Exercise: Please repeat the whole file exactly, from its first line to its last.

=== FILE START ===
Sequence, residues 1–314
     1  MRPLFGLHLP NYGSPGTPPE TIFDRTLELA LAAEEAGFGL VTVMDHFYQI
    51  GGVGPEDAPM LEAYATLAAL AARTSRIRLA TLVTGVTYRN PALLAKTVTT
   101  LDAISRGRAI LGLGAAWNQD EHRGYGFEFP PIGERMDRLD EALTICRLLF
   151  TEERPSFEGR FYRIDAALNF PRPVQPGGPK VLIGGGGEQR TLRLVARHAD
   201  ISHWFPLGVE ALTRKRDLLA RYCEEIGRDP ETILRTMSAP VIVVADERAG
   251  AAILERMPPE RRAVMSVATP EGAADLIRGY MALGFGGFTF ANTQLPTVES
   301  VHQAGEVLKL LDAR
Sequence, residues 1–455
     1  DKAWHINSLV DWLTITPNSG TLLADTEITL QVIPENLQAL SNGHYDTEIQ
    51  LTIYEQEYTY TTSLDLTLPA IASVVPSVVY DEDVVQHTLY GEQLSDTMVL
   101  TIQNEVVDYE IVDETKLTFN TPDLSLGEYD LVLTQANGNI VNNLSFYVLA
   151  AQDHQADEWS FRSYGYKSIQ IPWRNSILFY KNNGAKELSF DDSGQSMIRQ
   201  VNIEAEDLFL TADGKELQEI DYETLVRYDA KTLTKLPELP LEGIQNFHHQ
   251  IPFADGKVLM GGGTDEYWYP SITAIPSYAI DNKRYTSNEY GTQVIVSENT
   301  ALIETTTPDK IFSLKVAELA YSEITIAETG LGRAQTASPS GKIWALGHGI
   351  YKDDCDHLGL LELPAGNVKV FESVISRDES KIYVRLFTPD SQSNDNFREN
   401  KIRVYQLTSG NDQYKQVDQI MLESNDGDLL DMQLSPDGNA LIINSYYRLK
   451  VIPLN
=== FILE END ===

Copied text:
Sequence, residues 1–314
     1  MRPLFGLHLP NYGSPGTPPE TIFDRTLELA LAAEEAGFGL VTVMDHFYQI
    51  GGVGPEDAPM LEAYATLAAL AARTSRIRLA TLVTGVTYRN PALLAKTVTT
   101  LDAISRGRAI LGLGAAWNQD EHRGYGFEFP PIGERMDRLD EALTICRLLF
   151  TEERPSFEGR FYRIDAALNF PRPVQPGGPK VLIGGGGEQR TLRLVARHAD
   201  ISHWFPLGVE ALTRKRDLLA RYCEEIGRDP ETILRTMSAP VIVVADERAG
   251  AAILERMPPE RRAVMSVATP EGAADLIRGY MALGFGGFTF ANTQLPTVES
   301  VHQAGEVLKL LDAR
Sequence, residues 1–455
     1  DKAWHINSLV DWLTITPNSG TLLADTEITL QVIPENLQAL SNGHYDTEIQ
    51  LTIYEQEYTY TTSLDLTLPA IASVVPSVVY DEDVVQHTLY GEQLSDTMVL
   101  TIQNEVVDYE IVDETKLTFN TPDLSLGEYD LVLTQANGNI VNNLSFYVLA
   151  AQDHQADEWS FRSYGYKSIQ IPWRNSILFY KNNGAKELSF DDSGQSMIRQ
   201  VNIEAEDLFL TADGKELQEI DYETLVRYDA KTLTKLPELP LEGIQNFHHQ
   251  IPFADGKVLM GGGTDEYWYP SITAIPSYAI DNKRYTSNEY GTQVIVSENT
   301  ALIETTTPDK IFSLKVAELA YSEITIAETG LGRAQTASPS GKIWALGHGI
   351  YKDDCDHLGL LELPAGNVKV FESVISRDES KIYVRLFTPD SQSNDNFREN
   401  KIRVYQLTSG NDQYKQVDQI MLESNDGDLL DMQLSPDGNA LIINSYYRLK
   451  VIPLN